For more heartening coverage of the hostage rescue in Colombia, see this story from Saturday's Wall Street Journal and this opinion article, "Vindication for Colombia's Uribe" from Saturday's Washington Post. Schumacher-Matos usefully takes on Human Rights Watch for overstating Colombia's human rights problems; this organization seems interested only in proving that "right-wing" regimes are terrible and seems entirely willing to overlook the depredations of "left-wing" narco-guerrillas. It seems to be a prisoner of the paradigm of Latin American studies departments—that all conflict in Latin America is between the left-leaning "people" and right-wing oppressive regimes. Believers of this paradigm overlook the fact that President Alvaro Uribe and his government have approval ratings from the people of Colombia far higher than those of almost any other leaders or governments in Latin America (or the United States, now and for most of recent history, for that matter). Schumacher-Matos does criticize Uribe for seeking to change the constitution and seek a third consecutive term. "He should build the legitimacy of the presidency by letting it go to someone else," he concludes, without mentioning the shining example of such renunciation, George Washington. As much as I admire Uribe, I am inclined to think this is good advice.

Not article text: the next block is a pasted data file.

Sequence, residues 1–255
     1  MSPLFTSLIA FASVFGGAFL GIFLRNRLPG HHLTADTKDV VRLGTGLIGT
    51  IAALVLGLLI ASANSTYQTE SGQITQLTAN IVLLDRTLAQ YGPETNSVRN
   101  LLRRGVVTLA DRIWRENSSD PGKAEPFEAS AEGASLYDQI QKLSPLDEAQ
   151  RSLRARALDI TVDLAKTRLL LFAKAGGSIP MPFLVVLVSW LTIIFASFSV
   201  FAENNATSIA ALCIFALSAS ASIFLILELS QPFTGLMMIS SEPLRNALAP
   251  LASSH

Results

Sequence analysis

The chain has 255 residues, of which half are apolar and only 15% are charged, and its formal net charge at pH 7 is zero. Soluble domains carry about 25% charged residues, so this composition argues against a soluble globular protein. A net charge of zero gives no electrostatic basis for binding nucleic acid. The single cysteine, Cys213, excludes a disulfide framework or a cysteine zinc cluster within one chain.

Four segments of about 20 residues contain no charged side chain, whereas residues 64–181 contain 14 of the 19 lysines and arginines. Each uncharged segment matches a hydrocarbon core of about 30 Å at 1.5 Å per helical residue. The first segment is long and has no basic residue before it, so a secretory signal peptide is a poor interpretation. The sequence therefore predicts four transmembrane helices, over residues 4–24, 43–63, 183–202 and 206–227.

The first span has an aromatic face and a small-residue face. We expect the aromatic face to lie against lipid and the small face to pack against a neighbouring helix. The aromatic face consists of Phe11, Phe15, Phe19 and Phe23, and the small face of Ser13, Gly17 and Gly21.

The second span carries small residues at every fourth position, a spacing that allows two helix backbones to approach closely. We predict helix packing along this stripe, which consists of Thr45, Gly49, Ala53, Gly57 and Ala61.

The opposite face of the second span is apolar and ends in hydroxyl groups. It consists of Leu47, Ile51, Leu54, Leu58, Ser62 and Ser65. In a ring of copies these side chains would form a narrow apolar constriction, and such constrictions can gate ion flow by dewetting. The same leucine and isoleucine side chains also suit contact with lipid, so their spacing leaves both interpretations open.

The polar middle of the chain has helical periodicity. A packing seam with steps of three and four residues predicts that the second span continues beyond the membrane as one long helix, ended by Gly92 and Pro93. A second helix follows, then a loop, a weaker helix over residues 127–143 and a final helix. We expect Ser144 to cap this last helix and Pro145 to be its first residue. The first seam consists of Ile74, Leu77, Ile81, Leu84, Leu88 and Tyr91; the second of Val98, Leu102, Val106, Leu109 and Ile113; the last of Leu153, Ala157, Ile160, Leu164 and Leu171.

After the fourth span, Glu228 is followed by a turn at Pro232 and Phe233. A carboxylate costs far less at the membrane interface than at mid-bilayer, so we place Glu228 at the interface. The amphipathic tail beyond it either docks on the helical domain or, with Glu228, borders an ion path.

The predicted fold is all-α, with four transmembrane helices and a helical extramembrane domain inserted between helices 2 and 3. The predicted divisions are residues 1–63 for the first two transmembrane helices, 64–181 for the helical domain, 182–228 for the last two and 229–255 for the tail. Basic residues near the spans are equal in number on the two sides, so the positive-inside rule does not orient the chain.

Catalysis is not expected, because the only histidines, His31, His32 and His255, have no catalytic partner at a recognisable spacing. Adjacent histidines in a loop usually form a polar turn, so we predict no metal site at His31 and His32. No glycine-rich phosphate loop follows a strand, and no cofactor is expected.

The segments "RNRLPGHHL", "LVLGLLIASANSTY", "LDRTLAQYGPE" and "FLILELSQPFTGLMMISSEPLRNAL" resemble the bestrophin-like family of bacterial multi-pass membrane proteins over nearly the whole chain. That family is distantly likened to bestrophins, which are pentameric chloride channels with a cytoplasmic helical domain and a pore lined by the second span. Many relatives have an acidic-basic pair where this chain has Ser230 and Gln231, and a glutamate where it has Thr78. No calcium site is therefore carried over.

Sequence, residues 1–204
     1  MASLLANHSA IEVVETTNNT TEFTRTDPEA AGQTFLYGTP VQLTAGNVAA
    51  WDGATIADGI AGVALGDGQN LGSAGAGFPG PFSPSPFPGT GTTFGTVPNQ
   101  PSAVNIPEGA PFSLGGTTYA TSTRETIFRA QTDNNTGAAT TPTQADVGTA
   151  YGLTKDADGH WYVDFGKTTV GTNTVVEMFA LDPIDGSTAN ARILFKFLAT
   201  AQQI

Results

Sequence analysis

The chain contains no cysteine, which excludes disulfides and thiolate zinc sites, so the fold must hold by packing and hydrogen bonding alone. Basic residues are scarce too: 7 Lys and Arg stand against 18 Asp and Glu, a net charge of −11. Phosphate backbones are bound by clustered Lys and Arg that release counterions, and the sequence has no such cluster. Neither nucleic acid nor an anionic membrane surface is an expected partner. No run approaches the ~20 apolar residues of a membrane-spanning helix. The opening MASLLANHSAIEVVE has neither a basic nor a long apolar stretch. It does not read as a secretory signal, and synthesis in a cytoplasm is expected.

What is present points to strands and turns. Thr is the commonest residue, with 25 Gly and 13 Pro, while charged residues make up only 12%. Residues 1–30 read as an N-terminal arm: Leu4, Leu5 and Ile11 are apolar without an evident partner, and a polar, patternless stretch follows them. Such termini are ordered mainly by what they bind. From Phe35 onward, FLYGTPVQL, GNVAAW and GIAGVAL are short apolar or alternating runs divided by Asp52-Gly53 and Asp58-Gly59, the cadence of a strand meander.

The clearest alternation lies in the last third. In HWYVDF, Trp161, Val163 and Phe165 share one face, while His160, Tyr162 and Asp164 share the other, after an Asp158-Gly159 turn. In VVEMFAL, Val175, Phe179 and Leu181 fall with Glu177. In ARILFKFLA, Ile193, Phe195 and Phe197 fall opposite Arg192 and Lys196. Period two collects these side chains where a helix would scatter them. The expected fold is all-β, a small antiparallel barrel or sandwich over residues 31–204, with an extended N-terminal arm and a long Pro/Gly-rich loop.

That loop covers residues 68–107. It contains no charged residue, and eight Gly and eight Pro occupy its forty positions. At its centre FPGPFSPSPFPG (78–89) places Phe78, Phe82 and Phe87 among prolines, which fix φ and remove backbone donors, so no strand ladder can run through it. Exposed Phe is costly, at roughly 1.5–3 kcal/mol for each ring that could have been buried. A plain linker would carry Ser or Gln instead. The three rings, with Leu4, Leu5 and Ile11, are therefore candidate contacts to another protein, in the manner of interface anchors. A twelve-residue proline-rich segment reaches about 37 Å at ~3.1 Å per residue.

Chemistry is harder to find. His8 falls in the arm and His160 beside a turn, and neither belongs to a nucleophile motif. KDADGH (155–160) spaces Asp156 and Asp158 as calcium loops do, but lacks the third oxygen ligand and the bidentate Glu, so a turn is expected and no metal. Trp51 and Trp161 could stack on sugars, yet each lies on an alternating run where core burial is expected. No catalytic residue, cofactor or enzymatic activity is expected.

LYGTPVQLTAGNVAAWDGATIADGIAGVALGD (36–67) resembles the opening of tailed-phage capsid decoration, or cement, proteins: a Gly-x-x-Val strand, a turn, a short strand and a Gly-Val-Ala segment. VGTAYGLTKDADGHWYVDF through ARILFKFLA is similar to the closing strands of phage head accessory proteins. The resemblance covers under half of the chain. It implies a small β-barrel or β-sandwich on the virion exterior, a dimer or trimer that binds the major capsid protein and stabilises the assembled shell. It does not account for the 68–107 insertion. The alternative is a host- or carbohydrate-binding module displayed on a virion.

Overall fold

One of the heartening things about the rescue operation is that the Colombian Army's brilliant performance makes the FARC narco-guerrillas look like such idiots. They were completely bamboozled and fooled. Terrorists want us to live in fear of them. Now we are free to laugh at them. The greatest weapon against terrorism is ridicule. Who will want to enlist in the guerrilla army that can't shoot straight? That everyone in the world is laughing at? That was outsmarted and outmaneuvered and humiliated?